Coalition report to inform CIHR/IDRC strategic plan on global health

Ext-consultation-Ottawa

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Executive Summary

In late 2017, the Canadian Institutes for Health Research (CIHR) and the International Development Research Centre (IDRC) invited the CCGHR to collaborate on strategic planning on the future of global health research in Canada. Among other contributions, seven “external” consultation events were held by the CCGHR involving 105 participants representing a mix of seasoned global health researchers, junior faculty, graduate students and young professionals with global health expertise. The Joint Report synthesizes the proceedings from the Montreal, Ottawa, Vancouver, London, Saskatoon, St John’s and SYPN (virtual) consultations.

Researchers who took part in CCGHR external consultations stressed the importance of Canadian values in the conduct of global health research and the need to build these values into the critical review of funding proposals. The “how” and “why” research is done is as important as what the research is about. Global health research in Canada, and for many elsewhere, has emerged out of a commitment to increasing global health equity and sustainable partnerships that build local capacity around locally identified priorities. Social accountability and reflexive, critical practice are key to enacting these goals. This means ensuring project priorities and processes have at their core a commitment to engaging and responding to beneficiaries’ priorities, concerns, understanding of equity and success.

In other words, the ‘Canadian brand’ of global health research is equity-centred. Canadians involved in the field place a high value on the reason they do this work, regardless of thematic focus. This is because there are systematic and avoidable inequities, and because Canadian policies, activities and structures are entangled in these inequities both here and globally. The important caveat is that identifying priorities and measures of effectiveness for projects and interventions cannot simply be based on what Canadian researchers, funders or policy-makers think: it is crucial to shift priority setting to what the people we hope to serve think is important.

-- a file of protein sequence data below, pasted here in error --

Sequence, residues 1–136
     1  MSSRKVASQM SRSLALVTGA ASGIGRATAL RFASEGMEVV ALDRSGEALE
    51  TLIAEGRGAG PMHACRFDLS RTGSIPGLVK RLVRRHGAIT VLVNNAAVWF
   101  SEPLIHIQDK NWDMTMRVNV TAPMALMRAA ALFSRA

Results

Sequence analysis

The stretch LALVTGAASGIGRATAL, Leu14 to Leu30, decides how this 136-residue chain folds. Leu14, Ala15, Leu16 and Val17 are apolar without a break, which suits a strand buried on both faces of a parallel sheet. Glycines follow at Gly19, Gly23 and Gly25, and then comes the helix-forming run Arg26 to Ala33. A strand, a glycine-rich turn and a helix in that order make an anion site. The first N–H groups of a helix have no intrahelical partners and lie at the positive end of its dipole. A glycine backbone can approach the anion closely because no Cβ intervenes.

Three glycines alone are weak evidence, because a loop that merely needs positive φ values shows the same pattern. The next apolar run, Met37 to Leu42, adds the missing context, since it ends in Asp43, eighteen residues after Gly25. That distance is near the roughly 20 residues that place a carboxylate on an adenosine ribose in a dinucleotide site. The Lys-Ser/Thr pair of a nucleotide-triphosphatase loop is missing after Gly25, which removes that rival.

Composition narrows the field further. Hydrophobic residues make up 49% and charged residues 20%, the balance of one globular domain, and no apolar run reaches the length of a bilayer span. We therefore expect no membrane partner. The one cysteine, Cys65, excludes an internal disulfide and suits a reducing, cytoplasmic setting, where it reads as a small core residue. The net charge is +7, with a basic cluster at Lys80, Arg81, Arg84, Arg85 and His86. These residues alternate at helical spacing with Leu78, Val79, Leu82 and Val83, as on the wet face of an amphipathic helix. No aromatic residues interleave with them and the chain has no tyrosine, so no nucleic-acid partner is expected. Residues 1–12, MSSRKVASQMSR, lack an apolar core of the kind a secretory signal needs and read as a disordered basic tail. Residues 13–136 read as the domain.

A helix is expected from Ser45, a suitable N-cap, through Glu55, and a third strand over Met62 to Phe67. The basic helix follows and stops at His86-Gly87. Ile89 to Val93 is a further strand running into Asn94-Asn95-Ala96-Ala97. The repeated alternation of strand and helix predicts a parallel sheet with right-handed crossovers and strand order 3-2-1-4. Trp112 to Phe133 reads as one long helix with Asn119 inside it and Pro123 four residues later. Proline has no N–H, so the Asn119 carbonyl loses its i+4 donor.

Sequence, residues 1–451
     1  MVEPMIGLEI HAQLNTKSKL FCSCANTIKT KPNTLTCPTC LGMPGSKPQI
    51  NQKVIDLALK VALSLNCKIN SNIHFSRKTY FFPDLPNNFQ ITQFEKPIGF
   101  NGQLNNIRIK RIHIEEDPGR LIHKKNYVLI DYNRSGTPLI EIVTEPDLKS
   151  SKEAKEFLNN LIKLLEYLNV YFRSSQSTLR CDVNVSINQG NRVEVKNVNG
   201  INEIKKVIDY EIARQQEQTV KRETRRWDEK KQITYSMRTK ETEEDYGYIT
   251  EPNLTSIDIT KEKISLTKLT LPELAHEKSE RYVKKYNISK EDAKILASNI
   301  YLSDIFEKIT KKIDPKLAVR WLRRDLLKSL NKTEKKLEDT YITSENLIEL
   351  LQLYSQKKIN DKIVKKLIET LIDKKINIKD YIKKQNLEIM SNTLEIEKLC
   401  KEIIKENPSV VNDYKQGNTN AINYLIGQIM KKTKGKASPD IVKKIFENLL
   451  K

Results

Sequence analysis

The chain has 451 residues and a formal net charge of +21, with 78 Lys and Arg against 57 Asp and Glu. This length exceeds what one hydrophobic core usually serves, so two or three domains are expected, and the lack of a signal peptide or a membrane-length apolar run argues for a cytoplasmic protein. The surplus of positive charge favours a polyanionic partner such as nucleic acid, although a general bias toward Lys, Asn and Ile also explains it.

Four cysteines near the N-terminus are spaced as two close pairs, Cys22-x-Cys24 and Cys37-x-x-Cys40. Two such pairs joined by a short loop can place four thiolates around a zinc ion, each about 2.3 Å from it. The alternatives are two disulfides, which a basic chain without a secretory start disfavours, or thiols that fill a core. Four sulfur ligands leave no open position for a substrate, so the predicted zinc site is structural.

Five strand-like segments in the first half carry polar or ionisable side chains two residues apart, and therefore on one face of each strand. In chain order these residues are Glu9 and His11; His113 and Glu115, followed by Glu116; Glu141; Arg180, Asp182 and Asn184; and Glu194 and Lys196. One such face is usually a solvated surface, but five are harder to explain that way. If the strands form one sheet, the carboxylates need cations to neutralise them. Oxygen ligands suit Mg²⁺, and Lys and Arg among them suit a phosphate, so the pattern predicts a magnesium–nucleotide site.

A recurring concern during the CCGHR external consultations was the importance of considering cross-cutting themes addressed by inter-sectoral and transdisciplinary research teams with the capacity to effectively address inherently complex problems—including social determinants of health, eHealth technologies, environmental and planetary health as examples—rather than using a disease-centred approach. Many stressed that there should be less emphasis on specific topics and more emphasis on equity-centred approaches; the challenge is working together to leverage research to respond to problems entangled in health inequities.

Three main axes emerged around our strengths and expertise in Canada:

  1. what we do research on, the substantive or thematic areas;
  2. how we do research, the process and implementation aspects (equity, inclusivity, language, culture);
  3. capacity, how we prepare researchers for the future in Canada and within LMIC partners.

In line with the consultation questions provided by CIHR/IDRC the following findings emerged. It must be pointed out that these do not reflect all opportunities identified during the external consultations, but highlight shared priorities and recommendations on ways forward. A more comprehensive listing is found in the respective sections of this report.

Thematic Priorities for Global Health Research

There is general agreement that infectious diseases remain a priority, but it needs to be addressed within a health systems context and respond to social determinants. Specific topics include antimicrobial resistance as a global threat and continued Canadian leadership in vaccine development. The health impacts of climate change and mitigation strategies, and environmental/planetary health more generally, are viewed to be leading determinants of the future health of all populations. The rising burden of chronic conditions is of great concern, with mental health put forward as an area of great need and relative neglect. Further research in support of all elements of a health system, while cross-cutting, is also viewed to be a thematic priority. Other themes consistently cited are water and sanitation, reproductive and sexual health, equity and reaching marginalized populations (including First Nations) and implementation research.